Fromer Bush administration official and Washington Post op-ed columnist Michael Gerson writes about the fall from grace of Mark Souder, for whom he once worked on Capitol Hill, and draws a dinstinction between sexual conduct and "less sensual vices":
Moral conservatives need to admit that political character is more complex than marital fidelity and that less sensual vices also can be disturbing. "The sins of the flesh are bad," said C.S. Lewis, "but they are the least bad of all sins. All the worst pleasures are purely spiritual: the pleasure of putting other people in the wrong, of bossing and patronizing and spoiling sport, and back-biting, the pleasures of power, of hatred. For there are two things inside me, competing with the human self which I must try to become. They are the Animal self, and the Diabolical self. The Diabolical self is the worse of the two. That is why a cold, self-righteous prig who goes regularly to church may be far nearer to hell than a prostitute. But, of course, it is better to be neither."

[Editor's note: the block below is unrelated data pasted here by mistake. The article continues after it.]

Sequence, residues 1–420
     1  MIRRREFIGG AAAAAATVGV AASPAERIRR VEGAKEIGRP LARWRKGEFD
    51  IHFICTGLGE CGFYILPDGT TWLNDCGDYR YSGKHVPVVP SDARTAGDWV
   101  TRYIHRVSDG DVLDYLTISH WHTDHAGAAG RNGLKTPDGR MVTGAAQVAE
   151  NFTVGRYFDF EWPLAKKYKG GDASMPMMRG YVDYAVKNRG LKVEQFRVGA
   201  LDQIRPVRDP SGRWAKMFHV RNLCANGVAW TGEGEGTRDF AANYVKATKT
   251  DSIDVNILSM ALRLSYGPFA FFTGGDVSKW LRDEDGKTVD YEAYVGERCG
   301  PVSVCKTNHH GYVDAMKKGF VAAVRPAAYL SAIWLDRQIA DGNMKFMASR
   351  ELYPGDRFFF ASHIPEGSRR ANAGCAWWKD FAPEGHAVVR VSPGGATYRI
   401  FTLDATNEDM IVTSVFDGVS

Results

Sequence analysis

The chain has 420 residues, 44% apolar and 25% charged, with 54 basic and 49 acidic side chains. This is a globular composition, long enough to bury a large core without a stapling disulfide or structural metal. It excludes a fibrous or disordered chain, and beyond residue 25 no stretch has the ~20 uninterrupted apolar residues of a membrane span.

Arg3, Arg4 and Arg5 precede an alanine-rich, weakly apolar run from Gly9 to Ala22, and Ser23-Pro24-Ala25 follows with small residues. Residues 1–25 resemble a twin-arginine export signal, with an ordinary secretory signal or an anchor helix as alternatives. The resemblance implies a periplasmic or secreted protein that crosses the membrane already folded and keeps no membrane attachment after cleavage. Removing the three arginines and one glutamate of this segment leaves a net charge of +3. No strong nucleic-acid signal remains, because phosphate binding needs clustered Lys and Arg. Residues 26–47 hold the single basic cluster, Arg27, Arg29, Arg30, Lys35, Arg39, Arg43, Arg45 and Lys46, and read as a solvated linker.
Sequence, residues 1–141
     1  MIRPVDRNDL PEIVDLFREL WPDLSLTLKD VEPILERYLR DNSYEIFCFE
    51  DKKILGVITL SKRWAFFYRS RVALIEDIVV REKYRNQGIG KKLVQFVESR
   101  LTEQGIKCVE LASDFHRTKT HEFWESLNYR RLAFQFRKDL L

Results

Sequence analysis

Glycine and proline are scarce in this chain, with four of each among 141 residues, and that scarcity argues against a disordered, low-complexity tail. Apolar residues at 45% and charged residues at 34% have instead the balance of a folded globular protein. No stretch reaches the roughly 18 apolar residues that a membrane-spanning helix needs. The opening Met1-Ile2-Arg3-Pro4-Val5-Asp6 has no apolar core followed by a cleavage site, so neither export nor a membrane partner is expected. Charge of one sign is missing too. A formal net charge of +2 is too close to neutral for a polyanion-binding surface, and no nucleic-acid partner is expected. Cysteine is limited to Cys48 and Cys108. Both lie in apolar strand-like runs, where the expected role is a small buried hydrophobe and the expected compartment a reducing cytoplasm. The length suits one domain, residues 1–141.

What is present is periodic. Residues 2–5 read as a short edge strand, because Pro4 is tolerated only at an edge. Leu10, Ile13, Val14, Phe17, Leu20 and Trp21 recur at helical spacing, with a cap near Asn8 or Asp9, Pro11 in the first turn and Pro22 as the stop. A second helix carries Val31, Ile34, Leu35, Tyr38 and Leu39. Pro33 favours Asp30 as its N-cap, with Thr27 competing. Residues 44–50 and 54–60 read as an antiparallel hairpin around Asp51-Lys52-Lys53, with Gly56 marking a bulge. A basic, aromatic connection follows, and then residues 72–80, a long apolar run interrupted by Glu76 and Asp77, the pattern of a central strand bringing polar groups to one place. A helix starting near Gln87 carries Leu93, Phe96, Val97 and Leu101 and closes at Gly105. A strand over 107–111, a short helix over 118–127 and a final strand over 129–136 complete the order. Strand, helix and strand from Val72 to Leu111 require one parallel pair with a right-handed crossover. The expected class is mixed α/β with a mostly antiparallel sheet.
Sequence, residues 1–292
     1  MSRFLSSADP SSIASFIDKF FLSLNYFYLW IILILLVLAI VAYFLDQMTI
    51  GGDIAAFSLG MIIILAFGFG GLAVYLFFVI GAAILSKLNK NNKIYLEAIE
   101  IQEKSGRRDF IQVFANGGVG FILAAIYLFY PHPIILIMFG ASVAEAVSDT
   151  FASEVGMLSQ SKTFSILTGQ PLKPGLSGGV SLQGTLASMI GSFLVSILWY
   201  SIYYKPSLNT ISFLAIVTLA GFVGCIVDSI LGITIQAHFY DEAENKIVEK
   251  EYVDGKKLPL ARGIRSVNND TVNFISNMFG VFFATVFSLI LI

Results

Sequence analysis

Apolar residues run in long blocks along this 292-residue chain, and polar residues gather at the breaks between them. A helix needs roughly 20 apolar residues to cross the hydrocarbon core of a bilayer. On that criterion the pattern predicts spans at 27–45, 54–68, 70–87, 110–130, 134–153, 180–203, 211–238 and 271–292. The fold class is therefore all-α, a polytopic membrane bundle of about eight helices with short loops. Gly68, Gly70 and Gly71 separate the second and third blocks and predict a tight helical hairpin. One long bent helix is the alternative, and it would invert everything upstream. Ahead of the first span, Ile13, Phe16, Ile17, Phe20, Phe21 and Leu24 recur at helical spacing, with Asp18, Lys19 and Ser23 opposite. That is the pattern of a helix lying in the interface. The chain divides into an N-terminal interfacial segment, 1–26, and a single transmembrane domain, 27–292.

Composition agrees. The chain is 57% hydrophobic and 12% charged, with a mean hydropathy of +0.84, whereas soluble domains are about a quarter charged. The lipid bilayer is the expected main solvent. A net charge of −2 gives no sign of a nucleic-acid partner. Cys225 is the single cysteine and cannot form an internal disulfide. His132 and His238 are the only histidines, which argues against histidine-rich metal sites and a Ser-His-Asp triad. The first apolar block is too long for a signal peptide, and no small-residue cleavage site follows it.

Yet moral liberals have something to learn as well. The failure of human beings to meet their own ideals does not disprove or discredit those ideals. The fact that some are cowards does not make courage a myth. The fact that some are faithless does not make fidelity a joke. All moral standards create the possibility of hypocrisy. But I would rather live among those who recognize standards and fail to meet them than among those who mock all standards as lies. In the end, hypocrisy is preferable to decadence.
He's trying to make a case for mercy as "the most underrated" of moral virtues: "Yes, people are baser than their highest ideals. They are also nobler than their worst moments. This does not make the distinction between base and noble impossible. But it makes a little grace appropriate."
As G.W.'s chief speechwriter for a time, Gerson was generally given credit for coming up with the "smoking gun/mushroom cloud" metaphor to convince us Saddam Hussein was a nuclear threat, and for "Axis of Evil," so he will be seen by many as using colorful language to sell bad ideas. But he's also the author of perhaps the one great line (I think) to come out of the Bush administration: "the soft bigotry of low expectations."